Mike Malone and The Soul Collectors
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Mike Malone and The Soul Collectors


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"A lot of soul.Mike Malone and his band stick to the blues"

LOCAL BLUESMAN Mike Malone has tried many times to leave Long Beach and doesn't have an answer for why he keeps returning."I've lived all over but I keep coming back to Long Beach," Malone says. "I have never been able to escape the gravitation toward here. I just keep landing here. I've moved out a dozen times and keep coming back."

Malone, who performs with his soul and rhythm and blues band, the Soul Collectors, Sunday at the Pike Restaurant and Bar in Long Beach, grew up in Oakland but has lived in Texas and several other California cities. He has made a name for himself in the blues scene from his worldwide travels and performances as a vibe player and pianist with well-known artists such as Big Joe Turner, Mick Taylor and most notably Joe Houston, a saxophonist from Texas who is godfather to Malone's young son Mason.

Malone met Houston through performances at the now-defunct Hillside club, where he played with his previous band, the Lost Souls.

Houston didn't have a band when the two met but quickly put one together that lasted 12 years performing locally, nationally and internationally. Malone didn't play piano at the time, but Houston gave him the chance, an act of gratitude Malone is still thankful for.

"Joe Houston is my musical father," Malone says. "He let me learn on the job." Performing with Houston gave Malone the opportunity to do something he had always wanted to do — play the blues. The pianist discovered the blues by listening to a local radio station that played the songs late at night during the age of arena rock bands such as Styx and Journey. Malone has stuck with the blues because of his love of the music, but also because of some good advice from Houston.

"Blues is real cyclical," Malone says. "It comes in and out of fashion but it never goes completely away. Joe Houston said John Lee Hooker told him, 'You play blues, you always work.'

Malone and fellow Soul Collectors — drummer John "Dino" Guerrero, guitarist Victor Voce, bassist Michael Sunday, trombonist and trumpet player Walter Wagner and saxophonist Bob Crail — set themselves apart from other local blues acts by infusing a touch of soul and rhythm and blues music into their 12-bar turnarounds. Taking cues from acts such as Al Green, Otis Redding and other artists on the Memphis-based Stax record label gives the Soul Collectors smooth-sounding, danceable tracks reminiscent of the early days of rock 'n' roll, when the art form was new and free to experiment with different ideas. The blending of styles is perfect for Malone, who says soul music has always been close to his heart.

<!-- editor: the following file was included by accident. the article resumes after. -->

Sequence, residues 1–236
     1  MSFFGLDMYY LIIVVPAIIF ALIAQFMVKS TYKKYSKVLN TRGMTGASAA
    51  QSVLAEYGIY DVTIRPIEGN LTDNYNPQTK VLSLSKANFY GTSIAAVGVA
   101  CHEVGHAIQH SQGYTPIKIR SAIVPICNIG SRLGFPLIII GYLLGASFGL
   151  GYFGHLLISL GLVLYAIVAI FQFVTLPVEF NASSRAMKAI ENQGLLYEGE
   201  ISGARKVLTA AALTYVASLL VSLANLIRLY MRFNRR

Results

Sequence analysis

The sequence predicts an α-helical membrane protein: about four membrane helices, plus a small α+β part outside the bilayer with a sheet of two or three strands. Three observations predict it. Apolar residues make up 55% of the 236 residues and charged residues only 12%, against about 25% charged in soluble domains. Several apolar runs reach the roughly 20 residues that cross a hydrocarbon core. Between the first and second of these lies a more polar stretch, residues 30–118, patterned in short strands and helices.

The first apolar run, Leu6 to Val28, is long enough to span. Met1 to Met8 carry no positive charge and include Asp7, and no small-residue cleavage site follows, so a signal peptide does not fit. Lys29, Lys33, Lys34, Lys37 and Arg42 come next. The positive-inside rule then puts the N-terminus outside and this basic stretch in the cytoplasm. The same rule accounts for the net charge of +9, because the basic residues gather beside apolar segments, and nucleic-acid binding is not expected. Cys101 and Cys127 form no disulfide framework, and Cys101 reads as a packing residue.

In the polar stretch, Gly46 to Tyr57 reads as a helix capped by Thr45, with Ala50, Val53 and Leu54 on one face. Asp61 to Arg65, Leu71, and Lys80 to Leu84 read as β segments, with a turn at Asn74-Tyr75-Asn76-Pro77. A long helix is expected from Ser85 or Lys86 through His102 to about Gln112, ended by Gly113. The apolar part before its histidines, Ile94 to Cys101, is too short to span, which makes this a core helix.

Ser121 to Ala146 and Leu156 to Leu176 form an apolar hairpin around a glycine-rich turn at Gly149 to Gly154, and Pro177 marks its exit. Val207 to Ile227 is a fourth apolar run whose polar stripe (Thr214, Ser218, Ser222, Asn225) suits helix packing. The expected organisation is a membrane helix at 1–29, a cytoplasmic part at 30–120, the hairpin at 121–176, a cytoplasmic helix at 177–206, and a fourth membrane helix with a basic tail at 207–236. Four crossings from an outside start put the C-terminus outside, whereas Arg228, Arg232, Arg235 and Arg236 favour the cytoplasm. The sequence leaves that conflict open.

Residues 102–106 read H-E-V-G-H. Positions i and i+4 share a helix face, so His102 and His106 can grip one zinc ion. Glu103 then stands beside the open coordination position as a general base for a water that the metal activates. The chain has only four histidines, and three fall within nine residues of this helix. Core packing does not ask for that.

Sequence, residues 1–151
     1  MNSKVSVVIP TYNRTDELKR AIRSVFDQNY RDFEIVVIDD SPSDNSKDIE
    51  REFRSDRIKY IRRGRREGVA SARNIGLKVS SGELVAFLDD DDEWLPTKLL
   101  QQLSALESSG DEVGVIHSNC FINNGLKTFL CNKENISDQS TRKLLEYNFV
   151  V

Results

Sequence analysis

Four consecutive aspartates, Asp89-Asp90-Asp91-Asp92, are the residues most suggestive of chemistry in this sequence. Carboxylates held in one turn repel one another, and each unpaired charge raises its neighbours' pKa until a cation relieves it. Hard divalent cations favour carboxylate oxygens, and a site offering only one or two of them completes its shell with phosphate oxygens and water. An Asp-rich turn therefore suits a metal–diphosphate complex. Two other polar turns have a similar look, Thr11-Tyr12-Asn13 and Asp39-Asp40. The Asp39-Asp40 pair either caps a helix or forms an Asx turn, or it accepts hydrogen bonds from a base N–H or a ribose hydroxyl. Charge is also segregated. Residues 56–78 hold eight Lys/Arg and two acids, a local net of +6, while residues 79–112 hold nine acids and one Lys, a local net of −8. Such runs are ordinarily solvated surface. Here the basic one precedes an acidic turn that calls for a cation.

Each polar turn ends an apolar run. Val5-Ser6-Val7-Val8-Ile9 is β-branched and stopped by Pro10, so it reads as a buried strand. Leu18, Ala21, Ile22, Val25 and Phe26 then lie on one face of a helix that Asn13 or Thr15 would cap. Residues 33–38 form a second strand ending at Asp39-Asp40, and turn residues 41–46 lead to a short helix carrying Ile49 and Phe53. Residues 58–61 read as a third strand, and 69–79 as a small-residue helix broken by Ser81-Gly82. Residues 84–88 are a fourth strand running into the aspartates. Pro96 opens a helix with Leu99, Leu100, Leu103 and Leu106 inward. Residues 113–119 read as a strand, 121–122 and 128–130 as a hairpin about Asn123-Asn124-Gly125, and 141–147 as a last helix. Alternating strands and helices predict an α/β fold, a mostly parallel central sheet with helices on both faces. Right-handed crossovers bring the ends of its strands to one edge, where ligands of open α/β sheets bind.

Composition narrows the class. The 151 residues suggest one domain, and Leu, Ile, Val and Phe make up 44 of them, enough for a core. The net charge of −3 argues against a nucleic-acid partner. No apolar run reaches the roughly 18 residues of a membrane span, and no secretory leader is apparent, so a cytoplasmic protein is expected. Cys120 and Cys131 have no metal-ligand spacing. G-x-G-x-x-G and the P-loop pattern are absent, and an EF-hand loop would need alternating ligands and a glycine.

"We're all products of our influences," Malone says. "You are what you listen to and you always come back to what moved you and attracted you to music in the first place. My very first love, as a kid, was old Memphis soul."

The Soul Collectors' music is based on feelings, not calculated songwriting tactics, Malone says, which is why the singer/pianist knew drummer Guerrero would be a good fit, even if things didn't start off on the right foot. Guerrero's background is in jazz and rock music, a fact that came out at the group's first practice together.

"I came to rehearsal with these great big sticks I was using with rock bands," Guerrero says. "The minute I walked in I knew I was in over my head. We start playing and two bars into it, Victor, who I'm friends with now, stopped and looked at me and said, 'Get your brushes. This ain't a rock band." - Ryan Ritchie, Staff Writer NIGHT CRAWL, U-Entertainment, Long Beach Press-Telegram March 8, 2006


Diamonds For Your Tears- Full length CD


Feeling a bit camera shy


We live in a time when the value of originality and spontaneity are overlooked in favor of pre-packaged, pre-constituted fodder. Guess we all need to get paid. The thing about Malone and his band is that they play what they want and people dig it.

There seems to be an ever growing audience for what they are doing. When your music and performance speaks to people's hearts that is the logical result.

These cats can play and there is no denying it. Communicating with people and delivering a message is what it's all about. Without the audience there is nothing. You've got to make one of their club dates to see for yourself.

In the tradition of the giants of American music, Mike Malone and The Soul Collectors play with passion, intensity, and focus the music that they love.

They can jump one like Big Joe Turner, T-Bone or Louis Jordan, play some swamp boogie in the tradition of Slim Harpo, take it to church and then work it out with a Clarence Carter soul ballad. They are no strangers to full throttle rockin' in the spirit of Link Wray or a Chicago shuffle (ask 'em to play something by The Wolf).

Mike Malone has been a fixture on The local Socal blues scene for more than 15 years. He has spent a good part of that time as band leader and piano player for Texas Sax Honker, The Legend Joe Houston. He credits Joe as being his "musical father". He has written and published dozens of original tunes which are the foundation of The Soul Collectors repertoire.

Malone has worked with numerous other artists including: Eddie "Cleanhead" Vinson, Mick Taylor, Top Jimmy, Papa John Creach, Pee Wee Crayton, Guitar Shorty, Deacon Jones and Big Joe Turner.

Collectively (LOL), The Soul Collectors have worked as sidemen with a whole lotta artists. They have made their home here with Malone and have dug in for the long haul.